Local pool might be hazardous to your health
Hundreds of public swimming pools and spas in the Atlanta area have been closed for critical health violations this summer, conditions that potentially put bathers at risk of catching waterborne diseases.
While many pools pass all inspections, inspectors found no chlorine in the water at least 75 times - just in Gwinnett County.
Proper chlorine and pH levels protect swimmers against infection by bacteria and parasites, but area inspectors regularly issue citations for critical water chemistry violations and temporarily close pools run by apartments, condos, neighborhood associations, hotels and gyms.
Some pools and spas have been cited repeatedly, inspection records show, raising questions about how consistently the water is maintained when the inspector isn’t there.
“If the facility is run by the ignorant or the apathetic, that’s usually a problem,” said Tom Lachocki, chief executive officer of the National Swimming Pool Foundation, a leading trainer of pool operators.
“Fortunately, most of the illnesses one can get in a pool are not catastrophic,” he said. “But you don’t go to the pool to get diarrhea or a rash or sore eyes.”
Nobody knows how often people are sickened in Atlanta or nationally; most illnesses go unreported.
“Traditionally when people get a GI [gastrointestinal] illness, they think: What did I eat last night? We don’t tend to think about our pools,” said Michele Hlavsa, an epidemiologist in the healthy swimming program at the Centers for Disease Control and Prevention in Atlanta.
Over the past few years, the CDC has received more reports of outbreaks associated with recreational water use at pools and water parks. Individual reports of people being infected with the parasite cryptosporidium, which often is associated with pool outbreaks, are up dramatically.
Concerned about lax pool maintenance, the CDC recommends swimmers always test the water themselves before diving in, whether at outdoor pools in the summer or year-round indoor pools. Simple test strips — purchased inexpensively at home improvement stores and pool supply shops — change color to show the pool’s chemistry and whether it’s safe.
A pool inspector may only check the pool one to three times a year, Hlavsa said. “I wouldn’t want to put my young child in a pool if I didn’t know it was well maintained,” she said.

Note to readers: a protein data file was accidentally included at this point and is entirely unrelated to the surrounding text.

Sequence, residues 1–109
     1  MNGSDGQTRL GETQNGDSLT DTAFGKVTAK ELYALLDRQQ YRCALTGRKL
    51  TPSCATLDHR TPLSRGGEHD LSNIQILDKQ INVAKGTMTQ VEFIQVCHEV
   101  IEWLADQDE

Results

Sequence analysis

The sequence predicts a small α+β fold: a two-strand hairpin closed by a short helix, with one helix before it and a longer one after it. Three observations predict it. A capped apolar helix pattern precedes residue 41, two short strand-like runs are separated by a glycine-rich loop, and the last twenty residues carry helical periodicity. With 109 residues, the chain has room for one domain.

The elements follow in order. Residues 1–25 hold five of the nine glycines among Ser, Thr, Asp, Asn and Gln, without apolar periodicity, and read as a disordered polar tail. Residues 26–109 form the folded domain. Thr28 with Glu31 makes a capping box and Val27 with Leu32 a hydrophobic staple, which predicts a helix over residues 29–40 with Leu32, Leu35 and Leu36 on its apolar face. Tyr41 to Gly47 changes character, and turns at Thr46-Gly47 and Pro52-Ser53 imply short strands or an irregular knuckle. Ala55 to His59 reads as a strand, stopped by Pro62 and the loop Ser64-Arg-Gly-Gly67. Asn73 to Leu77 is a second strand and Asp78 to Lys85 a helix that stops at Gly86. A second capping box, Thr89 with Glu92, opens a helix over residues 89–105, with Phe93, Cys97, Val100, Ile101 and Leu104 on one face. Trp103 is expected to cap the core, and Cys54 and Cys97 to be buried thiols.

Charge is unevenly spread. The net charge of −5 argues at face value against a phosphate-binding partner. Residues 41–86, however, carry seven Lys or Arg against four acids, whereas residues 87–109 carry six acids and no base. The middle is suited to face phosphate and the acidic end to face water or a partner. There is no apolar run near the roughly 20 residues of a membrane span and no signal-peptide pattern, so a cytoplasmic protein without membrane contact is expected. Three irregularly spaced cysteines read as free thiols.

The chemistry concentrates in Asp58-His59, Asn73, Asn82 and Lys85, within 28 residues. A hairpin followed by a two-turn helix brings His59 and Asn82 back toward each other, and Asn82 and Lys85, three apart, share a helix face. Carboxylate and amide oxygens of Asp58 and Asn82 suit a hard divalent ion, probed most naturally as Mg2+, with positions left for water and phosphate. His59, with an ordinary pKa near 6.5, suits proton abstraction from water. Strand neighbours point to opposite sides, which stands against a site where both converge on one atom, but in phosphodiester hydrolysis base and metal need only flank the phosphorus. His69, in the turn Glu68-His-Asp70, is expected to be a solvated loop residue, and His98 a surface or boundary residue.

Children’s wading pools, because of their shallow depth and smaller quantity of water, are more prone to water chemistry problems. Yet keeping chlorine and pH at proper levels is especially important in pools frequented by children who may have what the pool industry calls “fecal accidents.”
Inspection records reviewed by the AJC show chemistry problems at a range of pools and spas.
For a study published last year, CDC researchers sampled water at 160 Atlanta-area pools to see how many were contaminated with cryptosporidium and another diarrhea-causing parasite, giardia. They found one or both of the parasites in 8 percent of the pools. Although the sample size was small, researchers said the results suggest contamination may be relatively common in some pools.
Since 2001, Georgia’s health department has confirmed seven pool-related outbreaks: one each at a camp, school and hotel; the rest were at subdivision pools or private homes.
Georgia’s best-known waterborne outbreak occurred in the summer of 1998 when 26 children were sickened by a strain of E. coli bacteria after playing in the kiddie pool at White Water Park in Marietta. Seven of the children were hospitalized; one died. A state investigation found the chlorine level was too low. The outbreak raised awareness about the importance of proper chlorine levels.
Today, large water parks and aquatics centers tend to have well-trained staff that pay close attention to water chemistry, health officials said. White Water passed all its inspections in 2009, health department data show.
But when it comes to pools and spas at places like apartments and hotels, the training can vary. “The person running the pool is probably responsible for a hundred other things. People tend to underestimate what it takes to run a pool well,” Hlavsa said.
After swimming in a Smyrna hotel pool last month, 3-year-old Adam Kirkham came down with a nasty rash of red pustules, according to Cobb County health department records.
“It looks almost like chickenpox,” said his father, Scott Kirkham, who filed a complaint with the health department. “We were really concerned.”